Saturday, April 23, 2011

The second winery I would recommend making a reservation to visit in Napa Valley is Schramsberg. Seeing the endless tunnels dug into the mountainside by Chinese laborers filled with bottles vs. casks is an amazing sight.

In 1862, German immigrant and barber Jacob Schram purchased a large piece of land on the mountainsides of the Napa Valley. Along with his wife Annie, they planted European varietals, and began to produce wine, establishing the first hillside winery. Jacob remained a barber to supplement his income, while the work at Schramsberg continued. After fully realizing the summer heat in the area, he hired Chinese workers to help him dig his cool underground cellars.

Gradually, the winery and vineyards grew until the Schrams had fifty acres of bearing vines and were producing upwards of 12,000 cases per year. Jacob shipped his Riesling, Hock, Burgundy and Chasselas to New York and beyond. His wines were winning awards at American and International competitions.

As they continued to prosper, the Schrams had a lavish Victorian built to replace the original cabin they lived in. The house became a gathering spot for the many friends and colleagues the Schram's had become familiar with, including Robert Louis Stevenson on his honeymoon. The Schrams would be featured in Stevenson’s book “The Silverado Squatters”.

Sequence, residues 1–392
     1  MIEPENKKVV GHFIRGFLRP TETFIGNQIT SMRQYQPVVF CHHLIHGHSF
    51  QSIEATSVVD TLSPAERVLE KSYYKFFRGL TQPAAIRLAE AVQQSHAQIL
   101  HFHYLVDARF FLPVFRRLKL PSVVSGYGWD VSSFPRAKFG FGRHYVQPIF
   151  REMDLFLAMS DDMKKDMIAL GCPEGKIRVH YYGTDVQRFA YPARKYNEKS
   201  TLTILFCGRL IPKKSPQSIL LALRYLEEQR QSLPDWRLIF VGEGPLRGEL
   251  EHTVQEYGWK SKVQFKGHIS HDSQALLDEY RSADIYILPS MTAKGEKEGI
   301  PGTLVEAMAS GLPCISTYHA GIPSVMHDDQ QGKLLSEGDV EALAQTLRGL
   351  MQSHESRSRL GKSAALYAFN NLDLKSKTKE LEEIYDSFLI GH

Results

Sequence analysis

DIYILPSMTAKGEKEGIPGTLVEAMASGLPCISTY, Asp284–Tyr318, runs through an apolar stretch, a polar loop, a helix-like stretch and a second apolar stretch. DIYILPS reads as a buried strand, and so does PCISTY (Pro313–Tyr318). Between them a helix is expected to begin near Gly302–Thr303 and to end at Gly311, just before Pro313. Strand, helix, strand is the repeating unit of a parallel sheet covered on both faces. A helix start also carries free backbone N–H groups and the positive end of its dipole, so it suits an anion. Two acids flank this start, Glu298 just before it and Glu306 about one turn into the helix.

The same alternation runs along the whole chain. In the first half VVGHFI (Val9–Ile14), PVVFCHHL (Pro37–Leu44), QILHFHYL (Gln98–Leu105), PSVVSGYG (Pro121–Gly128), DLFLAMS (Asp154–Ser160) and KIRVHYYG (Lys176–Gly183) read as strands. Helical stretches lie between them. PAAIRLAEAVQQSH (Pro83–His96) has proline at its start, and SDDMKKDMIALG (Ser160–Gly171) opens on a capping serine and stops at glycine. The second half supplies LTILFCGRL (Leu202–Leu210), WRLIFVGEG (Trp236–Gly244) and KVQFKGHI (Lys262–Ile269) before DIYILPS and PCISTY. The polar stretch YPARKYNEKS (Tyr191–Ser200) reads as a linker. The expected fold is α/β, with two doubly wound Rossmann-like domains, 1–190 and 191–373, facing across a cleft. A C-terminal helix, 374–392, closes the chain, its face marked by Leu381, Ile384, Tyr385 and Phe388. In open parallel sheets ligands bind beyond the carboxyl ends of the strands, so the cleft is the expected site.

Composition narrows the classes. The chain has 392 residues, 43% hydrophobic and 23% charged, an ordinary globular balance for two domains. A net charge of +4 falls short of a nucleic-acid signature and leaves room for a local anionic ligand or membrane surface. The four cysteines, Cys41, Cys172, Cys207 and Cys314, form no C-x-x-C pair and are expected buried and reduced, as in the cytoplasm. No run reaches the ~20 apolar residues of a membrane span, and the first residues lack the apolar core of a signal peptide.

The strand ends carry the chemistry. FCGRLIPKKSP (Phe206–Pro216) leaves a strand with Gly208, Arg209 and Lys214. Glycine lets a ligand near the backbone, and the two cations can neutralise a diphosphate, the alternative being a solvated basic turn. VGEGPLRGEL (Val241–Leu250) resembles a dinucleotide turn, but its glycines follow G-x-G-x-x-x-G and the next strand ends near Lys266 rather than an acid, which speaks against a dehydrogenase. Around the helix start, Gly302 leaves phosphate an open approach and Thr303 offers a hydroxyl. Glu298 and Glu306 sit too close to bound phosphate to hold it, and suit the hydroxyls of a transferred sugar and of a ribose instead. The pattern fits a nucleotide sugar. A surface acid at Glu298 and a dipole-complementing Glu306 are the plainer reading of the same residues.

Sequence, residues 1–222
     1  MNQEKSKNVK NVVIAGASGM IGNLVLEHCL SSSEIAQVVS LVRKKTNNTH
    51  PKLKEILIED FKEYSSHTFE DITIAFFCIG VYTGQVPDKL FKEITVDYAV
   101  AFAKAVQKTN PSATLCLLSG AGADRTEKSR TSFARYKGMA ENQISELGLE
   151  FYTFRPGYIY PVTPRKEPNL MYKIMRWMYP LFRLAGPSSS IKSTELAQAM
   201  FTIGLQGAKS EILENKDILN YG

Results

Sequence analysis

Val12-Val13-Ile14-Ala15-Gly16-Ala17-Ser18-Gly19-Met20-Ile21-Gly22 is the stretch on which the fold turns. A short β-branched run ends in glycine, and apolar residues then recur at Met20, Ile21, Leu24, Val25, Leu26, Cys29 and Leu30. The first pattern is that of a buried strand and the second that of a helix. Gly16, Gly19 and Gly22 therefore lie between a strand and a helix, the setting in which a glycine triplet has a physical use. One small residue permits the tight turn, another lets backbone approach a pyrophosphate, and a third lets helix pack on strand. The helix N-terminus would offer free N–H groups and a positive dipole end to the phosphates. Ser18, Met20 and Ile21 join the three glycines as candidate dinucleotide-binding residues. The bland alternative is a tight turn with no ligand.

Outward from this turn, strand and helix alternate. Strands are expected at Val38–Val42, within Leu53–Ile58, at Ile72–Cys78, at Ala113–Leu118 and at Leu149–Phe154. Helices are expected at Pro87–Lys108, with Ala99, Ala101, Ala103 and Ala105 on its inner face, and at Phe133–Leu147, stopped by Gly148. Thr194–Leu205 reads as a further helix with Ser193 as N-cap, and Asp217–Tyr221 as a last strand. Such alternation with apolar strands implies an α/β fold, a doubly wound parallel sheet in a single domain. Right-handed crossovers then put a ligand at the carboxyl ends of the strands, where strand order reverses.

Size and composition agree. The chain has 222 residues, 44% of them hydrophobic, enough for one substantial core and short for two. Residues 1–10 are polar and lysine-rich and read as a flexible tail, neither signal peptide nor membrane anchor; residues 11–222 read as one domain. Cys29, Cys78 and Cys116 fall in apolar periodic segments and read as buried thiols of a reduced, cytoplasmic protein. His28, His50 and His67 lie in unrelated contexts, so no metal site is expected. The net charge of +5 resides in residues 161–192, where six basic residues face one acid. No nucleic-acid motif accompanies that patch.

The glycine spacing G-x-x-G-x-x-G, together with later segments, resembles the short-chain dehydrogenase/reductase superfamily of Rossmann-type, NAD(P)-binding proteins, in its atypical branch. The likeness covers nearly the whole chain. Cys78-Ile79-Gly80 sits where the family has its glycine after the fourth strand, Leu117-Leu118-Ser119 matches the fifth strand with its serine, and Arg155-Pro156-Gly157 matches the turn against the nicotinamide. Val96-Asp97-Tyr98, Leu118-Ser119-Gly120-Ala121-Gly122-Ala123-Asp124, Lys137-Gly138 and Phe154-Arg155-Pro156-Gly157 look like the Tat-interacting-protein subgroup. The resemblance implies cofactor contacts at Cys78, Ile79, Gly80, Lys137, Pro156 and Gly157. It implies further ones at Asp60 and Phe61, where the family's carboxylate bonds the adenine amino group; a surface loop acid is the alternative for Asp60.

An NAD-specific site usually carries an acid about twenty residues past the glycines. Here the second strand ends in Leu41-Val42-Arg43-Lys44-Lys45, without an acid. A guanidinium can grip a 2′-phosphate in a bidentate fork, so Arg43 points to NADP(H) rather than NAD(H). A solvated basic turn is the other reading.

"In this wild spot, I did not feel the sacredness of ancient cultivation. It was still raw, it was no Marathon, and no Johannesburg; yet the stirring sunlight, and the growing vines, and the vats and bottles in the cavern, made a pleasant music for the mind. Here, also, earth's cream was being skimmed and garnered: and the customers can taste, such as it is, the tang of the earth in this green valley. So local, so quintessential is a wine, that it seems the very birds in the verandah might communicate a flavor, and that romantic cellar influence the bottle next to be uncorked in Pimlico, and the smile of jolly Mr. Schram might mantle in the glass." Stevenson's Journal.

After the death of the Schrams, the winery fell into disuse and the property was abandoned until 1965 when Jack and Jamie Davies bought Schamsberg. The Davies set out to produce sparkling wine – specifically, "America's most prestigious, select and admired sparkling wine; chosen for special guests, special gifts, pampering one's self and expressing one's taste in unique products." They envisioned their sparkling wines, fermented in the authentic Méthode Champenoise, as in the manner of great Champagnes.

The 1965 Blanc de Blancs was a product of the first commercial use of Chardonnay in American sparkling wine. The 1967 Blanc de Noirs followed, an accomplishment in California premier Méthode Champenoise wines in that it was produced using Pinot Noir according to the classic style.

In 1972 the 1969 Blanc de Blancs was served at the "Toast to Peace" in Beijing, between President Richard Nixon and Premier Chou Enlai; Schramsberg wines have been served by every subsequent presidential administration.